GBV centre sees slow drop in calls as regulations ease

Gender-based violence.

But, despite fewer calls being made, there has been a recent increase in the number of GBV cases.

The latest statistics from the Gender-based Violence (GBV) Command Centre show that, as regulations were eased through a phased approach, the number of calls to the centre decreased.

As of 19 June, the centre had received a total of 57 660 telephone calls, 7 462 Please Call Mes and 3 110 text messages.

President Cyril Ramaphosa announced a risk-adjusted strategy earlier this year, which introduced a phased approach to five levels of lockdown that would allow for economic activity to continue while managing Covid-19.

During Level 5 of the lockdown, between 27 March to 30 April, the centre received 22 112 telephone calls, 2 551 Please Call Mes and 1 231 text messages. A total of 842 tickets logged dealt with GBV, while 2 674 dealt with non-GBV issues.

Back at work

As regulations eased to Level 4 lockdown between 1–31 May, the centre received 13 752 telephone calls, 1 021 Please Call Mes and 569 text messages. Approximately 585 of the tickets logged were GBV-related, while 1 387 were non-GBV.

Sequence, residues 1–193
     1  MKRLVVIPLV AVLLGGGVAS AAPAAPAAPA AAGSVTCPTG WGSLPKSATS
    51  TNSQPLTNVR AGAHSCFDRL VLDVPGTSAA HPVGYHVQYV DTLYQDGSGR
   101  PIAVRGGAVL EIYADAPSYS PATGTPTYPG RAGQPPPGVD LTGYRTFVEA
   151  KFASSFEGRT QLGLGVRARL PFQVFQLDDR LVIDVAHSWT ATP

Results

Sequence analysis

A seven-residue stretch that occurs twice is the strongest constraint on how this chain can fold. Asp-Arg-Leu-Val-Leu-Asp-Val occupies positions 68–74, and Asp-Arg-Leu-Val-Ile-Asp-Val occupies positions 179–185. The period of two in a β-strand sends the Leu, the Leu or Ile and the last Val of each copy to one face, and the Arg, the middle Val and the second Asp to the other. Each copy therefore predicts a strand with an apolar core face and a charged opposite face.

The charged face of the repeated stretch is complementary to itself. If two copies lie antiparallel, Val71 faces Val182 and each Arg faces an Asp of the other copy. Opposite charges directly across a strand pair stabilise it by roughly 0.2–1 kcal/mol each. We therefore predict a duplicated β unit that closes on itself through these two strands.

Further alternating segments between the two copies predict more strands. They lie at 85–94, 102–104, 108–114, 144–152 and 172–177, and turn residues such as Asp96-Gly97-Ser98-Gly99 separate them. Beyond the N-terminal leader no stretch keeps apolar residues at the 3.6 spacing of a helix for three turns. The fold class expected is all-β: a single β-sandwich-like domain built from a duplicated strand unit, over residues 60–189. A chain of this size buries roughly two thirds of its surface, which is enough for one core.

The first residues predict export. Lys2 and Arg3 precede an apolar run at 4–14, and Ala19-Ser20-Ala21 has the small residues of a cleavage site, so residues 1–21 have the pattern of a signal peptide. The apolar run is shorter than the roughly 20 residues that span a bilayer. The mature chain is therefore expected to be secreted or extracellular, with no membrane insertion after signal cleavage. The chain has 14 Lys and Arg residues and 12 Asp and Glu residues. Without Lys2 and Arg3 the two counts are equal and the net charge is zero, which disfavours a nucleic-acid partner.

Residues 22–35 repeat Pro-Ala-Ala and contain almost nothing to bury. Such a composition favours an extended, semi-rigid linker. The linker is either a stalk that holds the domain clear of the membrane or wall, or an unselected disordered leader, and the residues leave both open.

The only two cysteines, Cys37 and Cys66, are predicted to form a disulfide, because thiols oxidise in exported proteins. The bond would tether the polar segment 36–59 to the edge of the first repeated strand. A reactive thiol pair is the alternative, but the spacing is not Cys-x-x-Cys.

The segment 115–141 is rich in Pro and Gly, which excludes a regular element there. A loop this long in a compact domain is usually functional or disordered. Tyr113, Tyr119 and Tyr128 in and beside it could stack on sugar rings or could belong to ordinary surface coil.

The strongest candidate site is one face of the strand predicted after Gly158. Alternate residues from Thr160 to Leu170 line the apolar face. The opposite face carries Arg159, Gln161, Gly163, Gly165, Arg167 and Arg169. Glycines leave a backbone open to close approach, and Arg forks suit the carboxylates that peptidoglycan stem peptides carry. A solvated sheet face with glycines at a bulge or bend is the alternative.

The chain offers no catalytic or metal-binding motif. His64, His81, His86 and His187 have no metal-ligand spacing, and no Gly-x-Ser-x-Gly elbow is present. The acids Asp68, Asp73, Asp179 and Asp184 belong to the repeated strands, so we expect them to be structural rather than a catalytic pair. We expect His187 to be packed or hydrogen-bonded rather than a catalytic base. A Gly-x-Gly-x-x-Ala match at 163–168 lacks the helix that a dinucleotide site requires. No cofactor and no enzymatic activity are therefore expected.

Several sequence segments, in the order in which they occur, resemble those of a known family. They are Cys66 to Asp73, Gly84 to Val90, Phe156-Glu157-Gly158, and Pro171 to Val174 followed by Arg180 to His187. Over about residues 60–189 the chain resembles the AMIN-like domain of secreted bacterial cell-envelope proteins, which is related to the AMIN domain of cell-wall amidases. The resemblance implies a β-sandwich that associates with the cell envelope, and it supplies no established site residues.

During the period of 1-19 June, under Level 3 of the lockdown, the centre received 8 205 calls, 1 023 Please Call Mes and 359 text messages. A total of 406 tickets logged related to GBV, while 689 were non-GBV issues.

Department of social development spokesperson Lumka Oliphant said on Tuesday that the drop in figures through the various levels of lockdown could be attributed to “the fact that restrictions were eased and some partners may have gone back to work”.

But, despite fewer calls being made, there has been a recent increase in the number of GBV cases.

Ramaphosa addressed the nation on 18 June on the recent spate of gender-based violence incidents, and said the country had seen no fewer than 21 women and children being murdered over the past few weeks.

The president’s comments came as the country mourned the deaths of Tshegofatso Pule, Naledi Phangindawo, Nompumelelo Tshaka, Nomfazi Gabada, Nwabisa Mgwandela, Altecia Kortjie and Lindelwa Peni, and many other women at the hands of men.

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